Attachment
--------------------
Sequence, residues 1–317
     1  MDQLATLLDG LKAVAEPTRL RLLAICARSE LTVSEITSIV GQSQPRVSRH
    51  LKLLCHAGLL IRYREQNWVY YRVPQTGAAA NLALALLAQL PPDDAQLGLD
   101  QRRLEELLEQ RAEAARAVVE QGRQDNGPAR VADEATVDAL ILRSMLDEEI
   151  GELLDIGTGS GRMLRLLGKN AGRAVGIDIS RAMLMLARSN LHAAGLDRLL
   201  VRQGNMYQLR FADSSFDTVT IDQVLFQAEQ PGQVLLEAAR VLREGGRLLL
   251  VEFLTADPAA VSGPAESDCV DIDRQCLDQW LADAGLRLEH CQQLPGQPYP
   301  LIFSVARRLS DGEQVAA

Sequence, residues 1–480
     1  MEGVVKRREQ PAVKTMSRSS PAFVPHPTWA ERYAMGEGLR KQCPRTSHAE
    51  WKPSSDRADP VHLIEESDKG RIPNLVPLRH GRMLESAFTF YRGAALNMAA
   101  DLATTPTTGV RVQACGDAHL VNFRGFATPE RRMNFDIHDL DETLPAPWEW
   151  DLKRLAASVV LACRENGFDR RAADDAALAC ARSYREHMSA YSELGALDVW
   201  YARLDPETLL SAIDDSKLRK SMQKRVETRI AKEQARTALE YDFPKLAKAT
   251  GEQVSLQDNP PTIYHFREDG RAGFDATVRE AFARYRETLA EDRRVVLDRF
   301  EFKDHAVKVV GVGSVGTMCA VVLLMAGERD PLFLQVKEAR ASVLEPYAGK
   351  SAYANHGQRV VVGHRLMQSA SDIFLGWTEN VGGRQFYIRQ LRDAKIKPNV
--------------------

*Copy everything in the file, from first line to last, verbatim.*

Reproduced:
Sequence, residues 1–317
     1  MDQLATLLDG LKAVAEPTRL RLLAICARSE LTVSEITSIV GQSQPRVSRH
    51  LKLLCHAGLL IRYREQNWVY YRVPQTGAAA NLALALLAQL PPDDAQLGLD
   101  QRRLEELLEQ RAEAARAVVE QGRQDNGPAR VADEATVDAL ILRSMLDEEI
   151  GELLDIGTGS GRMLRLLGKN AGRAVGIDIS RAMLMLARSN LHAAGLDRLL
   201  VRQGNMYQLR FADSSFDTVT IDQVLFQAEQ PGQVLLEAAR VLREGGRLLL
   251  VEFLTADPAA VSGPAESDCV DIDRQCLDQW LADAGLRLEH CQQLPGQPYP
   301  LIFSVARRLS DGEQVAA

Sequence, residues 1–480
     1  MEGVVKRREQ PAVKTMSRSS PAFVPHPTWA ERYAMGEGLR KQCPRTSHAE
    51  WKPSSDRADP VHLIEESDKG RIPNLVPLRH GRMLESAFTF YRGAALNMAA
   101  DLATTPTTGV RVQACGDAHL VNFRGFATPE RRMNFDIHDL DETLPAPWEW
   151  DLKRLAASVV LACRENGFDR RAADDAALAC ARSYREHMSA YSELGALDVW
   201  YARLDPETLL SAIDDSKLRK SMQKRVETRI AKEQARTALE YDFPKLAKAT
   251  GEQVSLQDNP PTIYHFREDG RAGFDATVRE AFARYRETLA EDRRVVLDRF
   301  EFKDHAVKVV GVGSVGTMCA VVLLMAGERD PLFLQVKEAR ASVLEPYAGK
   351  SAYANHGQRV VVGHRLMQSA SDIFLGWTEN VGGRQFYIRQ LRDAKIKPNV